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Showing: 41-50 results of 1769

The Argument for Medical Inspection Medical inspection is an extension of the activities of the school in which the educator and the physician join hands to insure for each child such conditions of health and vitality as will best enable him to take full advantage of the free education offered by the state. Its object is to better health conditions among school children, safeguard them from disease, and render them healthier, happier, and more... more...

The history of mankind, from the earliest times, has been one of alternate peace and war with fire. The immeasurable value of its obedience, and the fearful consequences of its insubordination, have, in all ages, made its due subjection one of the most important conditions of even human existence itself. As camps and trading stations grew into populous cities, the dangers of fire were both multiplied and aggravated. Its ravages in the ancient... more...

INTRODUCTION. This work takes us back nearly sixty years, to a time when what is now a movement of universal significance was in its infancy. Hegel and the Revolution of 1848; these are the points of departure. To the former, we owe the philosophic form of the socialist doctrine, to the latter, its practical activity as a movement. In the midst of the turmoil and strife and apparent defeat of those days two men, Marx and Engels, exiled and... more...

INTRODUCTION. Dr. Corbett, Bishop of Oxford and Norwich, lamented long ago the departure of the English fairies. "In Queen Mary's time" he wrote— "When Tom came home from labour,Or Cis to milking rose,Then merrily, merrily went their tabor,And merrily went their toes." But now, in the times of James, they had all gone, for "they were of the old profession," and "their songs were Ave Maries." In Ireland they are still extant, giving gifts... more...

I "All talk on modern poetry, by people who know," wrote Mr. Carl Sandburg in Poetry, "ends with dragging in Ezra Pound somewhere. He may be named only to be cursed as wanton and mocker, poseur, trifler and vagrant. Or he may be classed as filling a niche today like that of Keats in a preceding epoch. The point is, he will be mentioned." This is a simple statement of fact. But though Mr. Pound is well known, even having been the victim of... more...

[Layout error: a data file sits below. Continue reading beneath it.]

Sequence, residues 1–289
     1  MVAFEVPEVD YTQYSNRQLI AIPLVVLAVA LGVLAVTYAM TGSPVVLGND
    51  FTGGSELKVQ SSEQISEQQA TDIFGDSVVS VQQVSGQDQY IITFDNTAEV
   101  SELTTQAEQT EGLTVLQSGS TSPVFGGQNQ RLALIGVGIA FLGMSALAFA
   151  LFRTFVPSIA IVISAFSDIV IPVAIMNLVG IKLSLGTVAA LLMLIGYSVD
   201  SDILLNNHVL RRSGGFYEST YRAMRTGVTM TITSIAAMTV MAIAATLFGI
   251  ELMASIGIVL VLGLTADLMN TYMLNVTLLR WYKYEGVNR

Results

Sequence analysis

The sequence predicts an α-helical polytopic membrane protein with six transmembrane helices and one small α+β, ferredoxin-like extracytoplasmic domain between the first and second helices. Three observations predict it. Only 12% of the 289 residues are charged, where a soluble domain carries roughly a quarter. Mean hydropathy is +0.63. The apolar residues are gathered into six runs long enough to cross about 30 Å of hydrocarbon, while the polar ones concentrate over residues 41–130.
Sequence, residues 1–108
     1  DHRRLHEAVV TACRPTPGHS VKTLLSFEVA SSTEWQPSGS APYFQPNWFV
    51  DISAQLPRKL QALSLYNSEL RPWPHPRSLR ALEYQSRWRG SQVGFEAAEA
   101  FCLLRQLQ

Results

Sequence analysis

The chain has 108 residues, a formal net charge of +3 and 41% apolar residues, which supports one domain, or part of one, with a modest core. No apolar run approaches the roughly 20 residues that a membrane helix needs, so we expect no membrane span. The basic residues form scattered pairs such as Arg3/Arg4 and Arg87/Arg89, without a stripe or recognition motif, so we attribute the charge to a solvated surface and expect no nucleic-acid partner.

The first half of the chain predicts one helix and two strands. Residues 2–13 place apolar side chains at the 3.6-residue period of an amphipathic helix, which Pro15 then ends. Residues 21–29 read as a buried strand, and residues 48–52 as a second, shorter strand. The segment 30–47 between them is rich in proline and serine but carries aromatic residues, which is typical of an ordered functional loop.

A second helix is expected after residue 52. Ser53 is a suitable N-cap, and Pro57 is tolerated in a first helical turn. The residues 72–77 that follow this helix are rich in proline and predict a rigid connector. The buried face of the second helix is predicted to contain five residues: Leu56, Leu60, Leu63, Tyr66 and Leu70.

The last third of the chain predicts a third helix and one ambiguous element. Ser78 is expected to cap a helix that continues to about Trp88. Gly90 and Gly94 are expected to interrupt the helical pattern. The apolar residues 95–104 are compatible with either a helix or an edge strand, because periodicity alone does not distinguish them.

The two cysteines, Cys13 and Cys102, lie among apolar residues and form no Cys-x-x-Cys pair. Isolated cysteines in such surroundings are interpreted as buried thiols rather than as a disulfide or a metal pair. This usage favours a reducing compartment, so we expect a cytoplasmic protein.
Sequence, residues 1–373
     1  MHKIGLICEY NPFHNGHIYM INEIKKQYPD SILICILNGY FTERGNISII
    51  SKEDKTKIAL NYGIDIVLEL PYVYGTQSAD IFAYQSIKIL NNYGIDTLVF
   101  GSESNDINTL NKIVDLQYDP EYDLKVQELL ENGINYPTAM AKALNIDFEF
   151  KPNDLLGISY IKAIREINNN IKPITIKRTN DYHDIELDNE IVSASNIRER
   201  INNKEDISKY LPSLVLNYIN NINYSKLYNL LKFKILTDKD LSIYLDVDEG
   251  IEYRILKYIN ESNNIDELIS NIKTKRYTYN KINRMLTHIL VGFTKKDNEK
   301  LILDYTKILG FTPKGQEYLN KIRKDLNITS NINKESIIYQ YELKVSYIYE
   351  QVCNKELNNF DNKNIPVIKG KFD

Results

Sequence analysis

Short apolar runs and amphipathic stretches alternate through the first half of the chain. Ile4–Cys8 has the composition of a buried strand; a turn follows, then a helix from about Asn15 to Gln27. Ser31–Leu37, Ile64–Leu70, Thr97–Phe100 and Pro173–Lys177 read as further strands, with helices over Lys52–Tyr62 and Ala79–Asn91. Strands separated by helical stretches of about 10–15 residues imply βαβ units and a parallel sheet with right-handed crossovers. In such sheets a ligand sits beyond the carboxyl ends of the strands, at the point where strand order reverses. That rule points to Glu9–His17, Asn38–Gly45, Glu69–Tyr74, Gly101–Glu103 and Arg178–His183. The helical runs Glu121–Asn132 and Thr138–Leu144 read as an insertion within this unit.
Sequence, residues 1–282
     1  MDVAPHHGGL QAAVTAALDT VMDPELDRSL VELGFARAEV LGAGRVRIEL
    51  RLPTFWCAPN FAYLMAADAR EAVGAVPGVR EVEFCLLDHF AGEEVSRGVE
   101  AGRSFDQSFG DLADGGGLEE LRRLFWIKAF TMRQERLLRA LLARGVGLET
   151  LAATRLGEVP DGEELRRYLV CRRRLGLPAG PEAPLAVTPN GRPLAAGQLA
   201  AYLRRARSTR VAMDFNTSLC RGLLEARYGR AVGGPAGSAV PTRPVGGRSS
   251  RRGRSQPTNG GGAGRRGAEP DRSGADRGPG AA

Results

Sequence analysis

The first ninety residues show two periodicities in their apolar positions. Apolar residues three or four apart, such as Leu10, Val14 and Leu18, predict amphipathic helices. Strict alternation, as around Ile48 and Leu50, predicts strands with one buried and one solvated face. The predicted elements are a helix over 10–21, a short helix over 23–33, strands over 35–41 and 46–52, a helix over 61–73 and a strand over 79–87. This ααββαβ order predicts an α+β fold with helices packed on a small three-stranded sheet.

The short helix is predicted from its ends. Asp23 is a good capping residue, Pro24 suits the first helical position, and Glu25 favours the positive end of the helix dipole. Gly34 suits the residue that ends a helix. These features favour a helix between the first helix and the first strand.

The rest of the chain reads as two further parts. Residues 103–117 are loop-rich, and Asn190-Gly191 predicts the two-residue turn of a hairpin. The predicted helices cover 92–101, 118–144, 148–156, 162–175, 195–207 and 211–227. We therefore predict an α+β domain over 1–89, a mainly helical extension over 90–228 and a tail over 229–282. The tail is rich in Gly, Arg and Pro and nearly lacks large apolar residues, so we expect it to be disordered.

DANTE AND HIS TIME To know Dante we must know the age which produced Christianity's greatest poet, he whom Ruskin calls "the central man of all the world, as representing in perfect balance the imaginative, moral and intellectual faculties, all at their highest." Other writers are not so dependent upon their times for our clear understanding of their books. Dante to be intelligible to the modern mind, cannot be taken out of the thirteenth... more...

BERNARD SHAW N.B. The Euripidean verses in the second act of Major Barbara are not by me, or even directly by Euripides. They are by Professor Gilbert Murray, whose English version of The Baccha; came into our dramatic literature with all the impulsive power of an original work shortly before Major Barbara was begun. The play, indeed, stands indebted to him in more ways than one. G. B. S. Before dealing with the deeper aspects of Major... more...

AUTHOR'S INTRODUCTION IN THE COURSE of occasional visits to Canada many years since, I became intimately acquainted with some of the principal partners of the great Northwest Fur Company, who at that time lived in genial style at Montreal, and kept almost open house for the stranger. At their hospitable boards I occasionally met with partners, and clerks, and hardy fur traders from the interior posts; men who had passed years remote from... more...

DEFINITION OF THE ART OF ENGRAVING. 1. The entrance on my duty for to-day begins the fourth year of my official work in Oxford; and I doubt not that some of my audience are asking themselves, very doubtfully—at all events, I ask myself, very anxiously—what has been done. For practical result, I have not much to show. I announced, a fortnight since, that I would meet, the day before yesterday, any gentleman who wished to attend this... more...

CHAPTER 1 Question stated—Little prospect of a determination of it, from the enmity of the opposing parties—The principal argument against the perfectibility of man and of society has never been fairly answered—Nature of the difficulty arising from population—Outline of the principal argument of the Essay The great and unlooked for discoveries that have taken place of late years in natural philosophy, the increasing... more...